Enabling high-performance, mixed-signal approximate computing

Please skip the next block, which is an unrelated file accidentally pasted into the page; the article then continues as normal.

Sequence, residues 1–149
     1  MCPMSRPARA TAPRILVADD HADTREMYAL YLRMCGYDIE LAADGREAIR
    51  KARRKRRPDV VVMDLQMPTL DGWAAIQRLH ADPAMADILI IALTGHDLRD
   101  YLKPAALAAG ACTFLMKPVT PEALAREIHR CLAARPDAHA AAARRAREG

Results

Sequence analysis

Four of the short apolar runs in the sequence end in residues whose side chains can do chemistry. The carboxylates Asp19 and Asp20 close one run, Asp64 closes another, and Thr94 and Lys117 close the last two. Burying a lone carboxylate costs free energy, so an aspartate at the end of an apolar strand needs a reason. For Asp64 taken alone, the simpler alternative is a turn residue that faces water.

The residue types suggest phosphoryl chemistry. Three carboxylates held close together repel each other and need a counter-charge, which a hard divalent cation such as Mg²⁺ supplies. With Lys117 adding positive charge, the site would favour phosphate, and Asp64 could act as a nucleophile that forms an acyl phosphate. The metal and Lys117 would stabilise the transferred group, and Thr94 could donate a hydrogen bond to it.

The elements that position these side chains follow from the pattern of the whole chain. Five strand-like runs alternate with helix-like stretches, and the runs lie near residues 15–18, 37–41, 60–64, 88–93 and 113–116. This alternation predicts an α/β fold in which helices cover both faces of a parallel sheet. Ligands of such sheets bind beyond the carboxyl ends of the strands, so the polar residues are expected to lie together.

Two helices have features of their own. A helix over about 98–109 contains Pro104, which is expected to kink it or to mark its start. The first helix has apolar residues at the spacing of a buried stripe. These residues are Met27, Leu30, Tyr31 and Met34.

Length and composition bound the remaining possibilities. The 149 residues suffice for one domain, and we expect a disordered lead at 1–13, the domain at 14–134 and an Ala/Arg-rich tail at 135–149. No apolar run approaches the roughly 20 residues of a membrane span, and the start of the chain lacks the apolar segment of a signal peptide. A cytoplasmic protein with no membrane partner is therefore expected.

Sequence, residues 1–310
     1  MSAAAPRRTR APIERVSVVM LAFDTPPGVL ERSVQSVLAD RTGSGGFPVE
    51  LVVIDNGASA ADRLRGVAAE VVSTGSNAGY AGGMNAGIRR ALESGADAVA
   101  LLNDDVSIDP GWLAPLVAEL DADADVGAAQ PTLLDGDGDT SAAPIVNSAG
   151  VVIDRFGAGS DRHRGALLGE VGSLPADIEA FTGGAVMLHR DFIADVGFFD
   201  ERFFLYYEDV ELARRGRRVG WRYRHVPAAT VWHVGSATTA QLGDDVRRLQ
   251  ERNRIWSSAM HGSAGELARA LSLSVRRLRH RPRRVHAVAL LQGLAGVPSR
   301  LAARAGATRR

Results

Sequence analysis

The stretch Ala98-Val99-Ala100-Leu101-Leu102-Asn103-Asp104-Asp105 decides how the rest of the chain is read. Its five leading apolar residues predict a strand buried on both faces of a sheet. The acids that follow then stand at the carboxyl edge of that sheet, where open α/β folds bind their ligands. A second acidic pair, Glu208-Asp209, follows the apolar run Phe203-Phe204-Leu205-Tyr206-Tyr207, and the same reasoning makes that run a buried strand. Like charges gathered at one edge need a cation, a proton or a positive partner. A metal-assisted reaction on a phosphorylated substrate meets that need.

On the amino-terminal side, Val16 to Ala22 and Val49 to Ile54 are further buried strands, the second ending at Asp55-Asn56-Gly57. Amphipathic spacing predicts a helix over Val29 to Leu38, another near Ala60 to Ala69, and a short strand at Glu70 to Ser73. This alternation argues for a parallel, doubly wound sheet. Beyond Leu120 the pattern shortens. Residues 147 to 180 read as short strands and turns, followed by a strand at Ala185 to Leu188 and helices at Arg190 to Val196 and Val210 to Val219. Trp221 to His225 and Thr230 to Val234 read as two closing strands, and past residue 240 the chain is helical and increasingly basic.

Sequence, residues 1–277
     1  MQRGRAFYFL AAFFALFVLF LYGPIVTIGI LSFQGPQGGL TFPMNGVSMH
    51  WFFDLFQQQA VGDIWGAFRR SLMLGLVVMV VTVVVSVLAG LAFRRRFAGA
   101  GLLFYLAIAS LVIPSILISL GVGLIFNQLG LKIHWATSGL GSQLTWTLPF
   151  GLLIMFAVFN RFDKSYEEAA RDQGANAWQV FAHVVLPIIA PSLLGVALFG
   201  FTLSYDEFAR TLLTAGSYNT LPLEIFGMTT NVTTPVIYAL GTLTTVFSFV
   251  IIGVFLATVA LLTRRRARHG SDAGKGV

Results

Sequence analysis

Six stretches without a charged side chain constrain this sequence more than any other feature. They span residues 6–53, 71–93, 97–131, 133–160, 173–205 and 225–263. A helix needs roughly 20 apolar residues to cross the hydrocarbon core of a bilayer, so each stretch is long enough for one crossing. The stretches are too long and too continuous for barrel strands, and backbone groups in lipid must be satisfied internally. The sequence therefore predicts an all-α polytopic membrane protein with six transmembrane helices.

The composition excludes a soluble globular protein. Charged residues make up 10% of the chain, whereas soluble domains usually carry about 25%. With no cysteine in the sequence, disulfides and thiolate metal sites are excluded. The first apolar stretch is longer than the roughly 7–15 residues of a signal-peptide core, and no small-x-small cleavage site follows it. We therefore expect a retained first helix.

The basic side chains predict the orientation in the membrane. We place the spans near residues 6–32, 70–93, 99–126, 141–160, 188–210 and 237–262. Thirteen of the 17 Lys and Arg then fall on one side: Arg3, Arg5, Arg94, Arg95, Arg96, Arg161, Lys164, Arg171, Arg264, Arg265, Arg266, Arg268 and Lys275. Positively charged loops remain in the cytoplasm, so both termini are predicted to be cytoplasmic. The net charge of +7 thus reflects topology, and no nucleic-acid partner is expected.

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For decades, the semiconductor industry enjoyed exponential improvements in microprocessor power and performance with the device scaling of successive technology generations. Scaling limitations at sub-micron technologies, however, have ceased to provide these historical performance improvements within a limited power budget. While device scaling provides a larger number of transistors per chip, for the same chip area, a growing percentage of the chip will have to be powered off at any given time due to power constraints. As such, the architecture community has focused on energy-efficient designs and is looking to specialized hardware to provide gains in performance. A focus on energy efficiency, along with increasingly less reliable transistors due to device scaling, has led to research in the area of approximate computing, where accuracy is traded for energy efficiency when precise computation is not required. There is a growing body of approximation-tolerant applications that, for example, compute on noisy or incomplete data, such as real-world sensor inputs, or make approximations to decrease the computation load in the analysis of cumbersome data sets. These approximation-tolerant applications span application domains, such as machine learning, image processing, robotics, and financial analysis, among others. Since the advent of the modern processor, computing models have largely presumed the attribute of accuracy. A willingness to relax accuracy requirements, however, with goal of gaining energy efficiency, warrants the re-investigation of the potential of analog computing. Analog hardware offers the opportunity for fast and low-power computation; however, it presents challenges in the form of accuracy. Where analog compute blocks have been applied to solve fixed-function problems, general-purpose computing has relied on digital hardware implementations that provide generality and programmability. The work presented in this thesis aims to answer the following questions: Can analog circuits be successfully integrated into general-purpose computing to provide performance and energy savings? And, what is required to address the historical analog challenges of inaccuracy, programmability, and a lack of generality to enable such an approach? This thesis work investigates a neural approach as a means to address the historical analog challenges of inaccuracy, programmability, and generality and to enable the use of analog circuits in general-purpose, high-performance computing. The first piece of this thesis work investigates the use of analog circuits at the microarchitecture level in the form of an analog neural branch predictor. The task of branch prediction can tolerate imprecision, as roll-back mechanisms correct for branch mispredictions, and application-level accuracy remains unaffected. We show that analog circuits enable the implementation of a highly-accurate, neural-prediction algorithm that is infeasible to implement in the digital domain. The second piece of this thesis work presents a neural accelerator that targets approximation-tolerant code. Analog neural acceleration provides application speedup of 3.3x and energy savings of 12.1x with a quality loss less than 10% for all except one approximation-tolerant benchmark. These results show that, using a neural approach, analog circuits can be applied to provide performance and energy efficiency in high-performance, general-purpose computing.